ENGL 348: World Literature Since 1500 (3)
Offered in spring semester
Selected works from a wide range of world literatures from about 1500 to the present: Chinese, Japanese, South Asian, Middle Eastern, African, Latin American, and European (except the Anglo-American tradition).

ENGL 350: Advanced Writing (3)
Prerequisite: ENGL 102 Research and Writing
An intensive writing course on the history of the English language, the power of language to influence thought and behavior, gaining rhetorical sensitivity, advanced sentence grammar and effective style.

ENGL 354: Business and Professional Writing (3)
Prerequisite: Junior standing and ENGL 120, or consent of the instructor
Principles of effective argument and exposition applied to writing about business and professional topics. Emphasis on the purpose, audience and design of letters, reports and other business and professional documents.

ENGL 356: Teaching Writing and Language in Middle and Secondary Schools (3)
(10 clinical hours)
Cross Ref: EDU 356
Offered in fall semester
Theories and practices of teaching writing in middle and secondary school English language arts classrooms. Emphasis on integrating a wide range of writing activities into the classroom and on improving students' abilities as writers. Approaches to, and practice in, integrating reading, writing, speaking, listening and technology skills into classroom units of instruction. Must be taken before ENGL/EDU 373 Methods of Teaching English.

ENGL 357: Topics in Writing (3)
Writing topics of a specialized nature.

ENGL 358: Advanced Creative Writing (3)
Prerequisite: ENGL 210 Introduction to Creative Writing or permission of the instructor
An advanced course on writing poetry, short fiction and drama. In addition to writing their own poetry, fiction, and drama, students will read examples of classic and contemporary literature, as well as published authors on the art of writing creatively. Students will also study the process of submitting work for publication.

ENGL 359: Creative Writing Workshop (3)
Prerequisite: ENGL 358 Advanced Creative Writing
An advanced workshop on writing poetry, short fiction or drama. Students will concentrate on composing a short collection of poetry, fiction or drama, develop and complete a specific reading list related to their chosen genre, attend and write about a public performance in their genre and submit their work for publication.

ENGL 360: Topics in Literature (3)
Studies of topics designed for English majors and other interested students with a background in literature.

ENGL 365: Internship (1-3)
Prerequisite: Junior/senior standing; consent of instructor
For students who perform internships and/or present an off-campus experience judged by the faculty advisor and department chair to be of significant value in English studies.

ENGL 371: Teaching Reading and Literature in Middle and Secondary Schools (3)
10 clinical hours
Offered in spring semester
Theories and practices of teaching reading in middle and secondary school English language arts classrooms. Emphasis on teaching a wide variety of texts commonly taught in middle and secondary schools (literary and non-literary, print and non-print) and on improving students' abilities as readers of those texts. Approaches to, and practice in, integrating reading, writing, speaking, listening and technology skills into classroom units of instruction. Must be taken before ENGL/EDU 373, Methods of Teaching English.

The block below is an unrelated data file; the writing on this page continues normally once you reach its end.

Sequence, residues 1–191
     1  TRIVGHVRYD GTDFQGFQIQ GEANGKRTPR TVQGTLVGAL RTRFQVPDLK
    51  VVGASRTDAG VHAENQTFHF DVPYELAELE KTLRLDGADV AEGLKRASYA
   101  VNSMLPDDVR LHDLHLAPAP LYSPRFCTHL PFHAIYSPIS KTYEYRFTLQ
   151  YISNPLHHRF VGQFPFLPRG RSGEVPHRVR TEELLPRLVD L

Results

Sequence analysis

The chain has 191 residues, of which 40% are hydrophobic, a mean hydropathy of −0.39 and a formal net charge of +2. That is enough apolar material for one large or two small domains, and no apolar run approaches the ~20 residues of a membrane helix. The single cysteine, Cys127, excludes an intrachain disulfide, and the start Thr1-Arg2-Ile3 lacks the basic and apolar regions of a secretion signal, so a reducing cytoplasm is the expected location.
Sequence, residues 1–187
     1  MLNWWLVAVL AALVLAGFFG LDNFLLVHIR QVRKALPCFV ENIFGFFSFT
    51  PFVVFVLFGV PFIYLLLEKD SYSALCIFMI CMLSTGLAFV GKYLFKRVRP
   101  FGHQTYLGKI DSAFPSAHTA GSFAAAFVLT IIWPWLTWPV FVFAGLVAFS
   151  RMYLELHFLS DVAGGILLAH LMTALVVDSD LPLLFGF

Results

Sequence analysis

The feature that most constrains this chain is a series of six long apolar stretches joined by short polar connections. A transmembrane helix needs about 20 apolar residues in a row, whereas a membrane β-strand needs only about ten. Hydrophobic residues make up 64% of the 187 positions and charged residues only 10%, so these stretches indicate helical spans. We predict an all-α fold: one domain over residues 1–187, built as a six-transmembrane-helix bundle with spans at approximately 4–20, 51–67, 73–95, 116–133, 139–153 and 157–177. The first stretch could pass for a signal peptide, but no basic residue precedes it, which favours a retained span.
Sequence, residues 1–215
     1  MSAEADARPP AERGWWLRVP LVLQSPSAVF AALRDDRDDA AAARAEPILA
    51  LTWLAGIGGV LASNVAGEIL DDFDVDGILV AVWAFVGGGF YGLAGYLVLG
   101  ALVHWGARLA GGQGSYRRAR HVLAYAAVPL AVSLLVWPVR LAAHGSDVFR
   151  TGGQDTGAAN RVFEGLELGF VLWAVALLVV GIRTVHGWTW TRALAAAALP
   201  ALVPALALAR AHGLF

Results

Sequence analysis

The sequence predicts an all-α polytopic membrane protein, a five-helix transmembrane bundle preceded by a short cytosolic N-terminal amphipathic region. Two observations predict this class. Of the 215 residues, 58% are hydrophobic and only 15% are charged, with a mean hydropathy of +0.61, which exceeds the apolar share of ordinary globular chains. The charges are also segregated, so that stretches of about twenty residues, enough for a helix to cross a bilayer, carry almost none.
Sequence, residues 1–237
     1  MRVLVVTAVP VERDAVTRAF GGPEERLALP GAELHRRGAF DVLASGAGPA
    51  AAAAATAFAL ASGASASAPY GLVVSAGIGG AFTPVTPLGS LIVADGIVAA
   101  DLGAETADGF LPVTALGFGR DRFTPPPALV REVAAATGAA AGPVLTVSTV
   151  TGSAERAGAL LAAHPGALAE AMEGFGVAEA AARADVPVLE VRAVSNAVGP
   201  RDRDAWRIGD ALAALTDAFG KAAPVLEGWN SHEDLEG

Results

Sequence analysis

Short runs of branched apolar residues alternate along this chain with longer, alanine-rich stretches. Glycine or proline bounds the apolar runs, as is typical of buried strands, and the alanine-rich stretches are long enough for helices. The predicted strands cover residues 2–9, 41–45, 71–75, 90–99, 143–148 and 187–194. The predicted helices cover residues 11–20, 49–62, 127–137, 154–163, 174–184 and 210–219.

ENGL 373: Methods of Teaching English in the Middle and Secondary Schools (3)
30 Clinical Hours
Cross Ref: EDU 373
Prerequisite: ENGL 356 and 371
Offered in fall semester
Capstone course for the English education major, building on and expanding on material covered in ENGL 356 and ENGL 371. Theories and practices of teaching in middle and secondary school English language arts classrooms, with an emphasis on integrating reading, writing, speaking, listening and technology skills into effective lessons and units.

ENGL 375: Independent Study (3)
Prerequisite: Instructor consent
Offered as needed
Individual study projects for advanced students in English. Topic to be determined by instructor and student; approval of department chair required.

ENGL 395: Senior Seminar (3)
Prerequisite: Senior standing as an English major or consent of instructor
A study of literature using current methodologies, critical approaches and research techniques. Students write and present a senior paper under the supervision of a faculty member.

ENGL 396: Senior Seminar (1)
Prerequisite: Successful completion of ENGL 395 in the previous semester
Revision of senior thesis supervised by the senior seminar instructor leading to the student's public presentation of the thesis in an open forum to the University community; completed e-portfolio of student's accomplishments as both an English major and a student at Saint Xavier University.

Spanish Language Skill Development

SPAN 101: Elementary Spanish I
An introduction to Spanish for students who have had no previous study of the language.  Class places equal emphasis on listening comprehension, oral expression and grammar.  Basic grammatical structures are presented:  verb-subject/subject-verb agreements; present tense of the indicative; adverbs and pronouns, etc.